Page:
A side. On Writing

25 Mar


For reasons about which I am still not entirely clear, I have signed on to a British group called Postgraduate Support, which ostensibly pays old profs and frustrated PhDs to help struggling PhD candidates write their papers. I think I’ve been feeling guilty about making no headway in finding research jobs to bring in a bit of money, and I was curious to see if these programs really generate business. I’ll let you know how it goes! Part of the application process required that I write a small blog about my experiences in academe, so I reworked the information I used to give my Australian students on how to write academic papers well. The company will probably reject this as stealing their thunder, but it made me remember how hard I tried to help students learn to write, and how often they despised me for it. So many of them resented the idea that they needed to LEARN how to write, that it wasn’t just a matter of putting down their feelings and whatever came out of their heads. And to suggest that they read Strunk and White’s Elements of Style just baffled some of them. I do know, however, that the better ones took this advice to heart, and I hope learned to be better writers because of it. (I am STILL convinced that if you follow Strunk and White, you cannot fail to write well….)

The photo above is me signing books at one of my lectures, I think at the California State Library.  It was one of the only photos I could find of me in action as an academic!

So here’s what I wrote:


When I was in high school in suburban California so many years ago, the public educational system in the state was still one of the best in the country. Instructional emphasis was on learning to think, to read critically and, most importantly, to write clearly and coherently. My 11th-grade English teacher had us write an essay every week; he marked up every one, pointing out grammatical errors and compositional problems (he once wrote “TRITE!” across my entire paper), but he also praised our ideas when they were well articulated. He even read the best ones on a local radio program, and explained why they were well-written essays.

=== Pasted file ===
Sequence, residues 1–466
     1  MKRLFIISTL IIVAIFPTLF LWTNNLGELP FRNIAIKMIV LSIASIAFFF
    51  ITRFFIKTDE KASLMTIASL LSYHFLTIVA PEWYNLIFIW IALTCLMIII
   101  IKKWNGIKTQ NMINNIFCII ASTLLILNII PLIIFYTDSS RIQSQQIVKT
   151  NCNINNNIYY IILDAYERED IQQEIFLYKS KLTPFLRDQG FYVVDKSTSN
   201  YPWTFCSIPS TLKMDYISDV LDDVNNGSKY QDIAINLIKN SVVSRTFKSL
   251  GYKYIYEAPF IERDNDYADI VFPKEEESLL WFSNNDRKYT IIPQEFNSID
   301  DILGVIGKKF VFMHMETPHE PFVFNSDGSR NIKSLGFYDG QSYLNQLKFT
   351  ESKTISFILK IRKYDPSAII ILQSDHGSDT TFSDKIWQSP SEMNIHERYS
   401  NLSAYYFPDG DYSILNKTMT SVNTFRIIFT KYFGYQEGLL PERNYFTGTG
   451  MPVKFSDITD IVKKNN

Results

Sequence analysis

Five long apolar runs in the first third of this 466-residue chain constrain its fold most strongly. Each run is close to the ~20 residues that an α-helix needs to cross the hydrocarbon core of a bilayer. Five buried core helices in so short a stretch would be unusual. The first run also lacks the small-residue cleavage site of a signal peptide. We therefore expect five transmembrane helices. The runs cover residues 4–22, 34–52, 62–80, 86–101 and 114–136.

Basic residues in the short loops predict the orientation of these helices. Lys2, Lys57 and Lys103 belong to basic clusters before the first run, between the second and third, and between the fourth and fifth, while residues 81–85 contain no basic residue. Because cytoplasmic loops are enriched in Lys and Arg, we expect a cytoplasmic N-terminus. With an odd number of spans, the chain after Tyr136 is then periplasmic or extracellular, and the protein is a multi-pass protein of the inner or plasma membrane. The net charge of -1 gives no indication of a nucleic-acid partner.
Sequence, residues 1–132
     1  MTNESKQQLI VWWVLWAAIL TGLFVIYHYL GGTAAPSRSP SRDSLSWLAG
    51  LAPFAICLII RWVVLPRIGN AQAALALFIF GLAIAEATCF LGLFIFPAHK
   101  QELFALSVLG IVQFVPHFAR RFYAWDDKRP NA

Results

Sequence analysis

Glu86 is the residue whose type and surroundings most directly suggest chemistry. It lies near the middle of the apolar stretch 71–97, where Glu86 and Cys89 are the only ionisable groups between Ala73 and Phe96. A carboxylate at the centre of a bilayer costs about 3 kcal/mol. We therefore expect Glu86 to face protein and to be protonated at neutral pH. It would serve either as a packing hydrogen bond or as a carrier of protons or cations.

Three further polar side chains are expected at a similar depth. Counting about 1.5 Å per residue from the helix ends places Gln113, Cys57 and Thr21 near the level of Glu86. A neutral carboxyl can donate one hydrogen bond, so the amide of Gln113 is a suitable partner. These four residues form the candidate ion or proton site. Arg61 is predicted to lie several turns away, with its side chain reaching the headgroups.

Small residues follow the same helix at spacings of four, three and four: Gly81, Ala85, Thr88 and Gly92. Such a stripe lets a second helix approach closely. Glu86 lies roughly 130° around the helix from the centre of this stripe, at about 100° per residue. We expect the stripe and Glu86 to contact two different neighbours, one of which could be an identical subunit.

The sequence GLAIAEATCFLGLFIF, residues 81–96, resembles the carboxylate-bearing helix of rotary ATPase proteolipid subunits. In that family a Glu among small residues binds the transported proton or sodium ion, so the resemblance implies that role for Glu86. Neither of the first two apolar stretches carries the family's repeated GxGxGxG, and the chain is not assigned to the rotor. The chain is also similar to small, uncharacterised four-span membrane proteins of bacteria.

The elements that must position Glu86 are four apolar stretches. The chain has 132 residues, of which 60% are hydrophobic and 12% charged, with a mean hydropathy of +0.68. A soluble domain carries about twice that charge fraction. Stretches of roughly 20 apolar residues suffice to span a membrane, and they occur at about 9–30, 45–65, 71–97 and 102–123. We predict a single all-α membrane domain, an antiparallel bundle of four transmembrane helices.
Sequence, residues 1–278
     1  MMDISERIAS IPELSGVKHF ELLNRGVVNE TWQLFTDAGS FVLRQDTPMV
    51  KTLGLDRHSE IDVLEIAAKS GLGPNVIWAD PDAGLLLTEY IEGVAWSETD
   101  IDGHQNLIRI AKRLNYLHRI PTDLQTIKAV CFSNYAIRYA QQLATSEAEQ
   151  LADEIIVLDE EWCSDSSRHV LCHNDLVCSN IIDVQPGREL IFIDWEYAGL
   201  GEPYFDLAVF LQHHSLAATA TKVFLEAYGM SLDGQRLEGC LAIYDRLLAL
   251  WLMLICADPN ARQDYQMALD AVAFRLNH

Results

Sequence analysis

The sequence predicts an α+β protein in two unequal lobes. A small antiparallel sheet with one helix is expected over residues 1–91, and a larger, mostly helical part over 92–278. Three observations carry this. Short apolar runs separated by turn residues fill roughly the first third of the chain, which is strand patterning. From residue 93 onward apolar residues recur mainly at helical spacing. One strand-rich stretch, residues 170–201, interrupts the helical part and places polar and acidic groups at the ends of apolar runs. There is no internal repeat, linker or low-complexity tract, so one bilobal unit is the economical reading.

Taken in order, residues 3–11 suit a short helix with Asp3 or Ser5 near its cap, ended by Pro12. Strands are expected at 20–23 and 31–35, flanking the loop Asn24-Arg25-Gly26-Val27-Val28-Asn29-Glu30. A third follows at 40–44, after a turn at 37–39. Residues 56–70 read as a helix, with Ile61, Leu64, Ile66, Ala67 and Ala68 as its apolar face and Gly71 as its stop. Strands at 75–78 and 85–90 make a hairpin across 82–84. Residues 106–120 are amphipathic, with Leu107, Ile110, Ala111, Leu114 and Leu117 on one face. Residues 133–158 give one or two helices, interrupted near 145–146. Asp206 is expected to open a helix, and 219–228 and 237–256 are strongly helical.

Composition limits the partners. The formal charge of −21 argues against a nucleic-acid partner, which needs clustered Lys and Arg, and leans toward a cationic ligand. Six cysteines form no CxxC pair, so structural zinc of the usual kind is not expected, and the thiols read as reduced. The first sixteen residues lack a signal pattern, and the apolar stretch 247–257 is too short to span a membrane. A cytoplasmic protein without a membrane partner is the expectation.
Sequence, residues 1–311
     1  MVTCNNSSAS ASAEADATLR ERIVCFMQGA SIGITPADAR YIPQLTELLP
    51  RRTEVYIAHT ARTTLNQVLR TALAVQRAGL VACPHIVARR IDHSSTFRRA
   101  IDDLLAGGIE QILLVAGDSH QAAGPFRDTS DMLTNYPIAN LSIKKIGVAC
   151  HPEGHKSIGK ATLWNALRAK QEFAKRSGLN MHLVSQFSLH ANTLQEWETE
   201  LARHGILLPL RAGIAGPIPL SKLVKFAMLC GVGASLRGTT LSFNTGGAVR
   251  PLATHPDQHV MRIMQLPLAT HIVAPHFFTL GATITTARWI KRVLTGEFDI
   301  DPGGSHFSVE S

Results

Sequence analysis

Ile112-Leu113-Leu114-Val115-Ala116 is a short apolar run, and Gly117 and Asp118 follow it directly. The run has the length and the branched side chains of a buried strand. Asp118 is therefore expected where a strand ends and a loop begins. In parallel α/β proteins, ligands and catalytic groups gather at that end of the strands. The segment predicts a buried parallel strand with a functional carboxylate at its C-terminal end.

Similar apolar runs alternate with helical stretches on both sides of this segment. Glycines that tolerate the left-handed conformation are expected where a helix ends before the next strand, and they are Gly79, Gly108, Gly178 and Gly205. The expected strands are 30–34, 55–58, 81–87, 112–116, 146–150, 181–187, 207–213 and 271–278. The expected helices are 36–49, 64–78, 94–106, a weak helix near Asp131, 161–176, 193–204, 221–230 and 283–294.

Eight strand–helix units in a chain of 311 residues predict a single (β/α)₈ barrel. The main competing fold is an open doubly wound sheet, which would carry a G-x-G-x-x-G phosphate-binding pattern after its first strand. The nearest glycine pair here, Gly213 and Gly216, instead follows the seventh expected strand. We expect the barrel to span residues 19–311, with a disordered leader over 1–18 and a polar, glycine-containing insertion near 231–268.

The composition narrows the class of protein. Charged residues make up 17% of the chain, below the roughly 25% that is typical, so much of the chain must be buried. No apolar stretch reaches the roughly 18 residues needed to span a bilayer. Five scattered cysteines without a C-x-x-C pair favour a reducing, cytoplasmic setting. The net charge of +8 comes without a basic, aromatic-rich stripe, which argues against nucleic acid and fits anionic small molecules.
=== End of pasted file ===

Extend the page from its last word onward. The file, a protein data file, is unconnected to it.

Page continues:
This early training in how to express ideas in clear sentences and with fluid transitions has served me better than anything else I have learned in all the succeeding years of college and post-graduate experience. In my many years of teaching–on whatever subject, at whatever level, and in whatever country–I adhered to the principle that my job as the instructor was to help students learn to write well. I took this task very seriously. Many students were impatient about all those red marks on their papers–“This is a class in art history, why do I need to worry about commas and declarative sentences?” they would say–but I hope that some of them took these comments and this guidance to heart and applied it to all their subsequent efforts to write. These methods are appropriate to ALL writing, not just topics in the humanities: I have helped scientists write their papers, applying these principles to topics about which I understood not a word.

So I present here some simple steps that, if followed, will lead to clear, concise writing. Some would consider this guidance as old-fashioned, but these suggestions will not fail in producing better prose.

  1. Whenever possible, write simple, declarative sentences. More complicated sentence structure can intermingle nicely with these short ones.
  2. Avoid the passive voice. ‘There are’ and ‘it is’ are not strong ways to start sentences.
  3. Avoid contractions, e.g., ‘isn’t,’ ‘can’t’, in formal essays. Contractions can work well in journalistic or personal writing, but not in academic papers.
  4. Tell me what you’re going to tell me, tell me, then tell me what you told me. The grand man of my graduate department, a famous British scholar, used this very phrase to explain how one organizes ideas in a paper: have an introduction, main body of the text, and a conclusion.. This advice is as applicable to a short essay as it is to a thesis.
  5. Avoid using ‘it seems’, ‘perhaps’, and especially ‘I think.’ Just state the argument! This is your writing and the reader knows what you are writing is what you think. State your arguments as confidently as possible. ‘It seems’ , etc., is just a waste of words.
  6.  Work on smooth transitions between your ideas when you write: how does the last sentence you wrote relate to the next one? How does the last sentence of the paragraph relate to the first sentence of the next paragraph? I call this process ‘transitional substantiation.’

Simple, no? It sometimes takes years to perfect the application of these “rules”, but the results are worth it, to you and to the reader of your work.

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